Photoworks curates, commissions and publishes photographic work and new writing about photography and produces projects, exhibitions, books, the Brighton Photo Biennial and Photoworks Annual. Judged by Celia Davies, director of Photoworks, and Mariama Attah.
Winner: Holger Pooten
Commendations: Lu Zhang, Sarah Janes

The MACK Award
Publisher MACK presents the MACK Award, established in 2013, which offers the winner a prize of a £200 voucher for the purchase of MACK books, and the opportunity to take part in a three-month internship at MACK’s London office. Judged by Michael Mack, director of MACK.
Winner: Liz Orton
Commendations: Emilie Sandy, Amber Rowlands, Jisun Choi

The MA Photography final show, featuring work by these students and many more, is open until Monday 1 December.

Read more about MA Photography

Visit the LCC Postgraduate Shows 2014 page

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LCC Postgraduate Shows 14 // Spotlight on PGDip Photography Portfolio Development

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‘Her Light, My Life’, Manuel Perez de Guzman Luengo, 2014.

In the third of our previews looking at the first Postgraduate Show of the year, we find out more about PGDip Photography Portfolio Development at LCC and share some of the exhibiting students’ work.

Postgraduate Diploma Photography Portfolio Development nurtures talented photographers working at the cutting edge of contemporary practice, helping them to develop a high quality portfolio and the professional skills to launch a successful photographic career.

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‘Her Light, My Life’, Manuel Perez de Guzman Luengo, 2014.

This year, Manuel Perez de Guzman Luengo presents ‘Her Light, My Life’, exploring the relationship between his late mother’s vernacular photography and his own through a series of diptychs.

This highly personal project sees Manuel attempting to learn more about his mother through the photography she left behind.

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‘Untold’, Tomila Akhmadieva, 2014.

Tomila Akhmadieva’s ‘Untold’ is about physical human scars and the emotional narratives behind them.

Tomila explores the idea of a scar as something intimate, not shared with everyone, which carries with it a hidden story.

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‘Flowers in the Window’, Ray Chang, 2014.

In ‘Flowers in the Window’, Ray Chang develops ideas of loneliness and isolation, illustrating how flowers and everything they signify can give an emotional lift to those in need.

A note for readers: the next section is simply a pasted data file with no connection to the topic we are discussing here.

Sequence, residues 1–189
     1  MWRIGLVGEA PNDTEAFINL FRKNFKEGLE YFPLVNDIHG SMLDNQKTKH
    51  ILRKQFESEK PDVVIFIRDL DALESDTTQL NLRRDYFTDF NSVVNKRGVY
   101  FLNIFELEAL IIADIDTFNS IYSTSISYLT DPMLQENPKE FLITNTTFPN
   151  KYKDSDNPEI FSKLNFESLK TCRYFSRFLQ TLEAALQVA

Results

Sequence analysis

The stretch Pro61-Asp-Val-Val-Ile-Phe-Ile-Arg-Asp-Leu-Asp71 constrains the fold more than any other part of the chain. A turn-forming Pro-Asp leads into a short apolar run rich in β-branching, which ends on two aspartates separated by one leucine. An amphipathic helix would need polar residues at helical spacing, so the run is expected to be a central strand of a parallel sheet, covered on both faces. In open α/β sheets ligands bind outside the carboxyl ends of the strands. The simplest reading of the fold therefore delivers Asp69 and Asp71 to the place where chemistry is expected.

His mood-based work brings together the ideas of strangers, barriers, windows and London living.

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‘Babushka’, Sofya Bredikhina, 2014.

Sofya Bredikhina’s project ‘Babushka’ is dedicated to one of the most serious problems in Russia – the inadequate living conditions of elderly people struggling to survive on government pensions.

Their faces are intended to provoke a strong emotional response and show inner strength, wisdom, loneliness and despair.

Much more equally thought-provoking work is on show here from Tuesday 25 November – we hope to see you soon!

School of Media: MA Documentary Film, MA Photography, PGDip Photography Portfolio Development
Exhibition open: Tuesday 25 November-Monday 1 December
Private View: Tuesday 25 November 6-9pm
RSVP to Private View
Late night opening: Thursday 27 November until 9pm

Read more about PGDip Photography Portfolio Development

 

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LCC Postgraduate Shows 14 // Spotlight on MA Photography

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‘In Case’, Ji Sun Choi, 2014.

With the first of our Postgraduate Shows just days away, we continue our show previews with a look at what MA Photography students have in store.

Exhibiting in our Upper Street, Well and Atrium Galleries, MA Photography is a concept-driven course dedicated to expanding the boundaries of the photographic medium.